2. Bring a Computrainer or other indoor training device. I guess if you've spent time in the Netherlands, you're pretty hardened weather-wise, but it does rain a lot in the spring to early summer. With some bad luck, it's not rare for it to rain on consecutive weekends. A good indoor trainer is a must, if you're the type that doesn't enjoy riding in the cold or in the rain.

Good luck on your new adventure. You'll either love it or hate it here. You'll just never know until you get here. Some guys just dive right in, some guys just never can adjust. But being a biker/triathlete, my bet is that you'll enjoy the experience. The guys that usually have trouble adapting are the couch potato types whose idea of a dream weekend is watching 5 college football games on Saturday followed by 5 NFL games on Sunday interrupted only by double cheeseburgers and double cheese pizzas. (Not that there's anything wrong with that.....)

Ken

sg8357
09-20-2005, 02:45 PM
A couple links to the Japanese scene, pass hunters, francophiles etc.

http://www5e.biglobe.ne.jp/~akuta/
http://www.asahi-net.or.jp/~uc6y-ssk/index.html

Scott G.

andy mac
09-21-2005, 11:42 PM
Thanks so much everyone for the feedback, tips and insights.

I am a little scared of moving to another crazy, boozy city (Lost in translation anyone??) as Im not enjoying New York where were currently holed up. Feel like a caged animal after living in Tasmania, Melbourne, San Francisco and Portland OR.

The whole language thing seems pretty intimidating too. I just learnt how to do all my online banking in Dutch!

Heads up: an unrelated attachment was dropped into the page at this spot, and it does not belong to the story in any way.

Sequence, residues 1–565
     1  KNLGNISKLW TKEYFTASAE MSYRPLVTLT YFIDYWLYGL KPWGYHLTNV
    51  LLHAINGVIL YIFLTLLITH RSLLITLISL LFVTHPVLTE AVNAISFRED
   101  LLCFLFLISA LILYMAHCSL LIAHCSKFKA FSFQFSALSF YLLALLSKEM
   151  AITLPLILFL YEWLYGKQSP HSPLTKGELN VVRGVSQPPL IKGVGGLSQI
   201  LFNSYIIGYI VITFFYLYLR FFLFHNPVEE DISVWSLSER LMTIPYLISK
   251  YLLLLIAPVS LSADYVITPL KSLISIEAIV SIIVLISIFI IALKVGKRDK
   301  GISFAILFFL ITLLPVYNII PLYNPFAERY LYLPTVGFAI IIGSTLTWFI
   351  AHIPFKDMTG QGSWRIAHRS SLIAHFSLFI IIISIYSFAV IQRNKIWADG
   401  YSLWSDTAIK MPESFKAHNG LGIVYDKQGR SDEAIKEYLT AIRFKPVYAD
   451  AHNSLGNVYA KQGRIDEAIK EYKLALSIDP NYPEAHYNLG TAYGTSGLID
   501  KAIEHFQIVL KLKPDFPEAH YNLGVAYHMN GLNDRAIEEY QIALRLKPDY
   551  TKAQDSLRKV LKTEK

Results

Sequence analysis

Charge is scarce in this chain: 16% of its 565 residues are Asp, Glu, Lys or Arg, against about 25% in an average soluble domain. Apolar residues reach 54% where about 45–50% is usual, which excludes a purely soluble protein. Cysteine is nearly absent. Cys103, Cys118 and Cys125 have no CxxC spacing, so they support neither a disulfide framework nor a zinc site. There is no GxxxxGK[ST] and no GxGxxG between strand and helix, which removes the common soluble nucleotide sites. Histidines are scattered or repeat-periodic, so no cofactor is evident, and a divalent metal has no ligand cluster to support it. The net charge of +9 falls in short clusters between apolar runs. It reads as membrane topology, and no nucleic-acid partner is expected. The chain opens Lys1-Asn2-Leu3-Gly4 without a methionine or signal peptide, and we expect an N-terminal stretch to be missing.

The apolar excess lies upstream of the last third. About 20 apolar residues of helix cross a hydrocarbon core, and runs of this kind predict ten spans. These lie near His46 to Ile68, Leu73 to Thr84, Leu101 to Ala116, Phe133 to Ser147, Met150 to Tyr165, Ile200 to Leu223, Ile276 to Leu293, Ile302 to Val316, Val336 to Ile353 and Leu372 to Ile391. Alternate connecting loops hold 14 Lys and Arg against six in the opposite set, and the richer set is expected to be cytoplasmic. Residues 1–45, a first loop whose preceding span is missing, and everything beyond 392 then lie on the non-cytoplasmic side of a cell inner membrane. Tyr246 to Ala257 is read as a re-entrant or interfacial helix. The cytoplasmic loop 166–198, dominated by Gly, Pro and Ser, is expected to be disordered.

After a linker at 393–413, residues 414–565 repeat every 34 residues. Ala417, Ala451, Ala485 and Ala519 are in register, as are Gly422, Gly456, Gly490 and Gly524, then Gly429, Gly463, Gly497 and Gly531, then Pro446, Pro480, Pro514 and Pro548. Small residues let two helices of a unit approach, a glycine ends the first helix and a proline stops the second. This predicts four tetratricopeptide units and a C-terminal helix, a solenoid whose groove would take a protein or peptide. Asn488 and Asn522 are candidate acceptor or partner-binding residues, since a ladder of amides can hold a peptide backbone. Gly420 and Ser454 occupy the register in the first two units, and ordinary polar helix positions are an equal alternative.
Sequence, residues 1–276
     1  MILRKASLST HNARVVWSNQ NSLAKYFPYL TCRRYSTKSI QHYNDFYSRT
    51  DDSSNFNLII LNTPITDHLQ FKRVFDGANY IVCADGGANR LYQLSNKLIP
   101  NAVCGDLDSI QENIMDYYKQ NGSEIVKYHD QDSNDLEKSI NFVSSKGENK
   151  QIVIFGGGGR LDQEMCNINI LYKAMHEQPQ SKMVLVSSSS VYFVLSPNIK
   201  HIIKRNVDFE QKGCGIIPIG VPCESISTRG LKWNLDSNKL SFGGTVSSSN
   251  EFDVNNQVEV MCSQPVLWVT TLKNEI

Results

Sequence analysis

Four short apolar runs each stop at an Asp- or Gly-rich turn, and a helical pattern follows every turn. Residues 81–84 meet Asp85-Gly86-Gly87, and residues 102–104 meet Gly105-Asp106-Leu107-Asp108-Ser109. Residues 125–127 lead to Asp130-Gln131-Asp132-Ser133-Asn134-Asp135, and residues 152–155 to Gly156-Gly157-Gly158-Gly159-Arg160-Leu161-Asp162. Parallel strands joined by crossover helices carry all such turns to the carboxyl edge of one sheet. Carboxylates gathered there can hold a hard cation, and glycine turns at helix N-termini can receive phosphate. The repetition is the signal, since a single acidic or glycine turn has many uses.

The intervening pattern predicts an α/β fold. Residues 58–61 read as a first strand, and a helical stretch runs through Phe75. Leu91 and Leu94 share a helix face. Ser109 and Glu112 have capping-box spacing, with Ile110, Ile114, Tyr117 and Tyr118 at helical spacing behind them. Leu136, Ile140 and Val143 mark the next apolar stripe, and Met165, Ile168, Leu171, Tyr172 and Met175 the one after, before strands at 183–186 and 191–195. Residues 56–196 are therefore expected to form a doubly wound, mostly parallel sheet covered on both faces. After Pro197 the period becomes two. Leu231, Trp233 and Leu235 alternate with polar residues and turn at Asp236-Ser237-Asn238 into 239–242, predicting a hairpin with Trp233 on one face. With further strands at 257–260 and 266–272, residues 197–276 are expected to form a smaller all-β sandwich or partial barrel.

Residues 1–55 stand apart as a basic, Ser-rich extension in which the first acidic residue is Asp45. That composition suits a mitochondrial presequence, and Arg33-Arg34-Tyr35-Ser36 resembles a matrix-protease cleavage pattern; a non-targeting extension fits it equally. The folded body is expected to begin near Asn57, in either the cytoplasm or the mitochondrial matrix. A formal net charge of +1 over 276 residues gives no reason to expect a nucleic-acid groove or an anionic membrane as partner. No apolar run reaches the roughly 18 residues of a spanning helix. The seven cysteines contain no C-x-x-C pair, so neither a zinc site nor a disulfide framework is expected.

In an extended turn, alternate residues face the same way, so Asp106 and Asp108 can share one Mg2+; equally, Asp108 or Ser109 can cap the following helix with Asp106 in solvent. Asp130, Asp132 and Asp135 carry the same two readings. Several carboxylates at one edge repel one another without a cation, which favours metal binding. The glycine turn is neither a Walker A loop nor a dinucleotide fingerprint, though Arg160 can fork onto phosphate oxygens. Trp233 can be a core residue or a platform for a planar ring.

That said, if the offer comes through and its good, my s.o. and I have decided well go. It would be an unforgettable experience. If that happens Ill def seek some more specifics from some of you if that's ok.

Thanks again!

Andy

GregLR
09-22-2005, 01:35 AM
If you haven't already come across it, I thought you might be interested in this link to information on two books in English about cycling and cycletouring in Japan http://www.kancycling.com/Resources/ResourcesBooks.html

I have the book entitled "Cycling Japan: A Personal Guide to Exploring Japan by Bicycle", edited by Bryan Harrell, but I understand that it's now out of print - at least it was out of print in early 2002 when a guy from the World Bank who was posted to Japan tracked me down trying to obtain a copy, after reading my reference to it on a cycling discussion list.

bluesea
09-22-2005, 02:46 AM
Thanks so much everyone for the feedback, tips and insights.

I am a little scared of moving to another crazy, boozy city (Lost in translation anyone??) as Im not enjoying New York where were currently holed up. Feel like a caged animal after living in Tasmania, Melbourne, San Francisco and Portland OR.

The whole language thing seems pretty intimidating too. I just learnt how to do all my online banking in Dutch!

That said, if the offer comes through and its good, my s.o. and I have decided well go. It would be an unforgettable experience. If that happens Ill def seek some more specifics from some of you if that's ok.

Thanks again!

Andy

Try to keep and open mind, and learn its culture and the ways if its people. Japan, for me is heaven on earth and thats saying something considering the place I'm at right now. I am very envious...